2 There is no evidence that Peter and John attended upon the Jewish worshipsimply "for expediency." There is much to the contrary. The early Christians had no idea of ceasing to be Jews. Peter at this time supposed it to be necessary for the Gentile converts to be circumcised (Gal. ii.). It was incident to the gradual separation of Christianity from Judaism that those who had been zealous adherents of the latter should suppose that its forms were still to be the moulds of the new system. They were not for this reason less honestly and genuinely Christian, but had not yet apprehended the principle of Christian liberty as Paul afterward expounded it. The point of difficulty was not so much the entrance of the Gentiles into the Kingdom of God as the question whether they should enter through the gate of Judaism-G. B. S.
3 kai oion shmein hsan poihsantej. E. "And a miracle such as they had not yet wrought." So Edd.
4 Oecumen. "That he leaped was either because he was incredulous of what had happened, or, by way of trying his power of stepping more surely and firmly, or, the man did not know how to walk."
5 E. and Edd. "But let us look over again what has been said. `They went up,0' he says, 'at the hour of prayer, the `ninth hour.0' Perhaps just at that time they carried and laid the lame man, when people," etc. In the old text the clause auton bastazontej aphnegkan (which should be oi oi bast. auton) seems meant to explain kaq hmeran: they bore him daily, and the same persons carried him away.
6 E. and Edd. toioutoi tinej hsan kai 'Ioudaioi (for oi 'I.) xwleuontej <\=85_oi de (for autoi) mallon xrhmata aitousi <\=85_oi kai dia touto ..."Such sort of people were also [the] Jews, being lame (i e. like many beggars among ourselves): even when they have only to ask for health, yet they rather ask for money ...who even for this reason beset the temple," etc. But the meaning seems rather to be: "See here an emblem of the Jews. Lame, and needing but," etc.
7 outw pasi gnwrimoj hn oti epeginwskon, A. b.c. D. F. Sav. Morel. Ben. But Commelin. and Ed. Par. Ben. 2. after Erasm. adopt the reading of E. ou mhn pasi gnwrimoj hn oqen kai: because of the following comment on epeginwskon. But the meaning is: They were all acquainted with him (it could not be otherwise): but seeing him walking and leaping, they found it difficult to believe that it was he, and yet they could not doubt it. This is well denoted by epeginskon: for we use this word, epi twn molij gnwrizomenwn: strange as it was, they were satisfied that it was he, the man whom they all knew so well.
8 #Edei pisteuqhnai dioto, b.c. di oti A. This seems to be the comment on the remaining clause of v. 10, which we have supplied: but the meaning is obscure. The modern text has edei goun p. oti.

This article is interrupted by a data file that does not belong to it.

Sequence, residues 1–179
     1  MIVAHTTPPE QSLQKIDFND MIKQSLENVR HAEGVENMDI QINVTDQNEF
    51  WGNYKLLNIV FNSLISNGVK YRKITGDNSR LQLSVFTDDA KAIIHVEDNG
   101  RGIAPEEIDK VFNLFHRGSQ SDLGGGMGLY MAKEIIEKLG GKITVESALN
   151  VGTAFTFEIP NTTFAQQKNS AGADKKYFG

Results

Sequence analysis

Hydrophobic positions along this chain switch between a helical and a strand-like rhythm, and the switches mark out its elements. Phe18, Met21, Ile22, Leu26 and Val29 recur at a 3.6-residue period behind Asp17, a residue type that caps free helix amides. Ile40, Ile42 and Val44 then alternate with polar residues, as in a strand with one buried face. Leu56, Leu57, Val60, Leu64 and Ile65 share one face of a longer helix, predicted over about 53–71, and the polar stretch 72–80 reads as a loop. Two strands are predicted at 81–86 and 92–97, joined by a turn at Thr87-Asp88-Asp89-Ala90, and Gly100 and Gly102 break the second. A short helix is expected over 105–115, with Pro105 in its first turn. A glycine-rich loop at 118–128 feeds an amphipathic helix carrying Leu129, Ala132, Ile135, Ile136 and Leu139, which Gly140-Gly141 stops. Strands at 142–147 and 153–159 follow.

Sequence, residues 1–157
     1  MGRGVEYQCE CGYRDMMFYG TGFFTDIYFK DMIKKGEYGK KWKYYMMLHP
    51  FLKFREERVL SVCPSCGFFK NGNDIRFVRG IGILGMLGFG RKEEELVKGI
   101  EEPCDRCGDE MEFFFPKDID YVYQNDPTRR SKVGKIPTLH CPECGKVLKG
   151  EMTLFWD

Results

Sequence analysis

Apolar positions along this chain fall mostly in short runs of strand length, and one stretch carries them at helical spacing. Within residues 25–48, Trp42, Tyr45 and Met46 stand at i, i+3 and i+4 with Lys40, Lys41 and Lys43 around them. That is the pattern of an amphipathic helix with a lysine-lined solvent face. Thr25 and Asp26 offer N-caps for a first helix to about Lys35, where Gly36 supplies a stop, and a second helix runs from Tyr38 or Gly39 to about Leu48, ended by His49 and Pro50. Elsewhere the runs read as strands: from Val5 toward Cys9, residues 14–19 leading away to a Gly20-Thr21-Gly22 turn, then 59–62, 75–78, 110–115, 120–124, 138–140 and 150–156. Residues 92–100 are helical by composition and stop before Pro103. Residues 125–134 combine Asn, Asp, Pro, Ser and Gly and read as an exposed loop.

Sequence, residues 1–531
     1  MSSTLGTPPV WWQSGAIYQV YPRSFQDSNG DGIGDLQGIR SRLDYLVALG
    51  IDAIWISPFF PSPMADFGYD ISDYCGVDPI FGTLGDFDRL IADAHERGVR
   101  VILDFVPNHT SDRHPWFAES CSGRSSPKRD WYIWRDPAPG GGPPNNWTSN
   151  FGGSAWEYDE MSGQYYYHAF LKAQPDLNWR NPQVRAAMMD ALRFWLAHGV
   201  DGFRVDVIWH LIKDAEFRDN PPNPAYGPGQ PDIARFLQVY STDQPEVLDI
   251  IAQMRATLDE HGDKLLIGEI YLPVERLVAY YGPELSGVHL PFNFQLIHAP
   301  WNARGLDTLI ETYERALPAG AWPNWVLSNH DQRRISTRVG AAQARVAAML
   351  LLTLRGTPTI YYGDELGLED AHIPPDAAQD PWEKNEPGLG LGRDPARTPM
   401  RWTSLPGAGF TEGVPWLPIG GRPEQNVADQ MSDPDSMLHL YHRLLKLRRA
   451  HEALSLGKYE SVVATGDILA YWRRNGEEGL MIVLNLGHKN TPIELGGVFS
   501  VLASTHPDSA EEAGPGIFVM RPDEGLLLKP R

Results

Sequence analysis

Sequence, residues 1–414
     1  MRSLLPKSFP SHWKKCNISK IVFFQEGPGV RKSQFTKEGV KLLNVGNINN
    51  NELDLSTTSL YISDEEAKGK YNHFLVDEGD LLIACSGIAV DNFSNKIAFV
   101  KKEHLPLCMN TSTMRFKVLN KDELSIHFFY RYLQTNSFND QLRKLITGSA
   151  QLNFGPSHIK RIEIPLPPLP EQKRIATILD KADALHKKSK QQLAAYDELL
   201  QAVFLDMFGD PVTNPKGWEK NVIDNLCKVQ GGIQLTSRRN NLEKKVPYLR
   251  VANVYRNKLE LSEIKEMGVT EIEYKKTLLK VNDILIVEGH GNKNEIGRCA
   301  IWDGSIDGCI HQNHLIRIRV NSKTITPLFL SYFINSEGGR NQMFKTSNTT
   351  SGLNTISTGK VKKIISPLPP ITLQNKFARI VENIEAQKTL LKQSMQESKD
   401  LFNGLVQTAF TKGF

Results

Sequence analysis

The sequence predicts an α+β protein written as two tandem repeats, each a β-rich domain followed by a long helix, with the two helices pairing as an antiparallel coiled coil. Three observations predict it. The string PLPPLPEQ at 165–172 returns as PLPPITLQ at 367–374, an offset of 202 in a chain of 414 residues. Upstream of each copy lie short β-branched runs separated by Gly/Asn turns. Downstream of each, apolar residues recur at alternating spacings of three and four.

9 oude gar an eyeusato, oud an ep allouj tinaj hlqen. It is not clear who are the alloi tinesj: and something is wanting. In fact, this part of the Homily is very defective. The next sentence seems to refer to the mention of the porch called Solomon's, but evidently supposes something preceding: e. g. "The miracle was performed at the Beautiful Gate, beside which was the Porch called Solomon's."
10 E. and Edd. Kornhlioj alla nhsteuwn huxeto, kai alla oea. "Cornelius prayed with fasting, for one object: and sees a vision of something other than he thought for."
11 It can hardly be imagined that St. Chrysostom's meaning is correctly reported here. 'En arxh tou dihghmatoj, can only mean, In the beginning of the narrative (of this miracle). It seems that the case of this man, who at first lies at the gate of the temple, unable to stir, and in the end, enters with the Apostles walking and leaping and praising God, furnished the theme for the ethical part of the discourse. "There is the like cure for our souls: let us not give over for want of success in the first attempt, but begin again after every failure."
12 Ouden mega esti gen. didask. thj oik. Ou mikron k. t. l. The passage is manifestly corrupt, and the mss. lend no assistance. Ben. conjecturally, Nihil majus est quam esse doctores orbis: nec parum, etc. Ed. Par. Ben. 2. Fortasse, oukoun mega. But it is more likely that something is wanting, e. g. "It is no great matter [to be free from the vice of swearing. But to set an example to others would be a great thing], to be teachers herein of the whole world," etc.
13 'Alla pou qeleij idein. agaphte, oti o poluj oxloj k. t. l. The modern text, 9O poluj oxloj, agaphte, k. t. l.